Fall of Giants, Ken Follet REVIEW

Cover of

Cover of Fall of Giants (The Century Trilogy)

*** ½

Title:  Fall of Giants (The Century Trilogy, Book One)

Author: Ken Follet 

First Edition: 2010 Ken Follet

This edition: New American Library (Penguin) Kindle Edition

Original language:  English

From Amazon.com: “Ken Follett’s World Without End was a global phenomenon, a work of grand historical sweep, beloved by millions of readers and acclaimed by critics. Fall of Giants is his magnificent new historical epic. The first novel in The Century Trilogy, it follows the fates of five interrelated families—American, German, Russian, English, and Welsh—as they move through the world-shaking dramas of the First World War, the Russian Revolution, and the struggle for women’s suffrage.”



“Little things please little minds” (Kindle location 1064)

“This was the library of a collector rather than a reader.  All the books were in fine bindings, most looked as if they had never been opened.” (loc. 3380)

On negotiating: “Never speak unless you have to” (loc. 3728)

“His talent was to express his readers’ most stupid and ignorant prejudices as if they made sense, so that the shameful seemed respectable.” (loc. 14030)

“The ability to listen to smart people who disagree with you is a rare talent.” (loc. 14108)

“If you owe one hundred dollars, the bank has you in its power; but if you owe a million dollars, you have the bank in your power.” (loc. 14129)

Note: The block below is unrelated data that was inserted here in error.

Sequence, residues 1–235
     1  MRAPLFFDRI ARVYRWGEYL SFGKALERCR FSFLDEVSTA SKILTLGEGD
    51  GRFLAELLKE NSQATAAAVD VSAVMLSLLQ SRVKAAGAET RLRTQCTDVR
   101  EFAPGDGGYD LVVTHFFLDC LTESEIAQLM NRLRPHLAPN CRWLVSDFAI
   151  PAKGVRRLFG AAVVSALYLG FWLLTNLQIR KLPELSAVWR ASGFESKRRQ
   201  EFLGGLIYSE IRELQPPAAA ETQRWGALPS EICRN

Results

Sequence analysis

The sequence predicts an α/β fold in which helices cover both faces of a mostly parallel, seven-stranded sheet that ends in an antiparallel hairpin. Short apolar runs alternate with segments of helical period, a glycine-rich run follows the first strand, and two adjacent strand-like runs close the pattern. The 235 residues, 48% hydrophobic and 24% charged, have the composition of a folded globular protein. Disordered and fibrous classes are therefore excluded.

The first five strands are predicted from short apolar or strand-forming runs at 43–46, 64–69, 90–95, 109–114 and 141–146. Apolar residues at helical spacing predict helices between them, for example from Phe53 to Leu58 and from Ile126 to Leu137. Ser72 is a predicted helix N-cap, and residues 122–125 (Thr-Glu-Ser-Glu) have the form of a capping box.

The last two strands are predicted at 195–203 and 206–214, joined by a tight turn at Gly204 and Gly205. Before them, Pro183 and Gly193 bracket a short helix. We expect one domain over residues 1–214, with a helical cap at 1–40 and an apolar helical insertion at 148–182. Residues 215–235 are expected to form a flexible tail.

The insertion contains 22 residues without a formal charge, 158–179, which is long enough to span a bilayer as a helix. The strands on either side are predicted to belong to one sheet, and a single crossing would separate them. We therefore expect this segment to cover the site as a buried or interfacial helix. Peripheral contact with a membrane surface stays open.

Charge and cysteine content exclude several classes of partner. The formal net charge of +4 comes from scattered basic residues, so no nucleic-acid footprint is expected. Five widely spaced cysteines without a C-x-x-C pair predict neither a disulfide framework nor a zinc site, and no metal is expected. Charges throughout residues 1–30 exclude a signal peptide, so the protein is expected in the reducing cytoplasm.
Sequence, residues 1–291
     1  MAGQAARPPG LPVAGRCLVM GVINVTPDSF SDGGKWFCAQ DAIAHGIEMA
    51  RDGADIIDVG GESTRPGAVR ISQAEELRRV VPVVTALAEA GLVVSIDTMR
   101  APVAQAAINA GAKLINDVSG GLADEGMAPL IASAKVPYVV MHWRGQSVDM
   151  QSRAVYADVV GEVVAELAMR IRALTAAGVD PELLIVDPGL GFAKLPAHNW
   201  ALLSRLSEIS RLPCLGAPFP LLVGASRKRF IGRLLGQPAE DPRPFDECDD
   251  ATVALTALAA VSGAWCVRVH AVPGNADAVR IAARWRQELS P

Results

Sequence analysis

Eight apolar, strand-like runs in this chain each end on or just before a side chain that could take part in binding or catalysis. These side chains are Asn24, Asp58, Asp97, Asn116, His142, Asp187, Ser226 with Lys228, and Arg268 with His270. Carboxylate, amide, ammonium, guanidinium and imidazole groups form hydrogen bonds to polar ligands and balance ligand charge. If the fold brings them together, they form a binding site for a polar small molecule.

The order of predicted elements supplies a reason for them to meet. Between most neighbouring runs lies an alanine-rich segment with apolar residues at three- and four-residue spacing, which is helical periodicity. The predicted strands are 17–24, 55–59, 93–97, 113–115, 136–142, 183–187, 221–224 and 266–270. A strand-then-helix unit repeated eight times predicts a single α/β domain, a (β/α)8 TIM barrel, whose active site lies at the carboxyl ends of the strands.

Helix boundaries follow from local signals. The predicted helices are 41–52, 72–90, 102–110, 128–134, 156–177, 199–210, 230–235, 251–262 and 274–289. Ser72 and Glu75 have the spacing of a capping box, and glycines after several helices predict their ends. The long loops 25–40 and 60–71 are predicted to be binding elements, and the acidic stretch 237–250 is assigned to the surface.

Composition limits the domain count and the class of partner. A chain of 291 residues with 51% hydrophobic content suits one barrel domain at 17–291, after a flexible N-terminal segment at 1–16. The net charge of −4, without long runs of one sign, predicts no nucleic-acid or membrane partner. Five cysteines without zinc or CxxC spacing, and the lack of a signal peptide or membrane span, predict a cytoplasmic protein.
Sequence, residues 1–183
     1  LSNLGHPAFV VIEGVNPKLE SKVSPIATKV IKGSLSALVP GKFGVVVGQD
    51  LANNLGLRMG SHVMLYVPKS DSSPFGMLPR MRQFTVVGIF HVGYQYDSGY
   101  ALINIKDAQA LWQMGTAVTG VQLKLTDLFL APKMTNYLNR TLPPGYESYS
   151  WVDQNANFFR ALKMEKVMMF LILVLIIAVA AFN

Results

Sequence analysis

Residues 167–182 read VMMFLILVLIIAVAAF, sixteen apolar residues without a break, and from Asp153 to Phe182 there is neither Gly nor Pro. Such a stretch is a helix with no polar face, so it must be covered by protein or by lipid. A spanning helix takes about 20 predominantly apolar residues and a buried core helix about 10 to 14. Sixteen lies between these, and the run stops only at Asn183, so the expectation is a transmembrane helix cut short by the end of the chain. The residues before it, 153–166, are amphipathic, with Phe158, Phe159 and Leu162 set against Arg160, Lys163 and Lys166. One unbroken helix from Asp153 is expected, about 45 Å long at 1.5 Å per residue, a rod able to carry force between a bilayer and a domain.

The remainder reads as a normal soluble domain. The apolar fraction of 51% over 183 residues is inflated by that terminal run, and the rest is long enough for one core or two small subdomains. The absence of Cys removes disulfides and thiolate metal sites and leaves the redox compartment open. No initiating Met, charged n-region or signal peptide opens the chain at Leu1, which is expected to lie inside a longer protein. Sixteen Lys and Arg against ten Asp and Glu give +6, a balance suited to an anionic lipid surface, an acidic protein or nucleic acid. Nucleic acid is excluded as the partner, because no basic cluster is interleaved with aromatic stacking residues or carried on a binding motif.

Good but very LONG.  I didn’t like it as much as The Pillars of Earth or World Without End, but the story was really well told, and history came alive on the page.  It was a good refresher on WWI history.  I loved Maude; Gus, the American.  Loved to hate Fitz, his wife, and Lev.



Lovely Lady on Canvas

Lovely Lady on Canvas (Photo credit: Puzzler4879)

I read the book shortly after I watched the first two seasons on Masterpiece’s “Downton Abbey.”  Both take place during the same time, and parts of Fall of Giants takes place in England.  It seems like Fitz’s family is much like the Crawleys.  In the first season of the show, Mary goes hunting and it is said that she is a good hunter.  In the show, it seems that even though not all women hunted, it was not something that unusual.  In the novel, location 9168 it says that women did not hunt, “of course.”  So which one is right?

I did a little research. According to Jane Austen’s World, women did in fact participate and have an active role in fox hunting.

This surprised me because Ken Follet is known for his thorough historical research…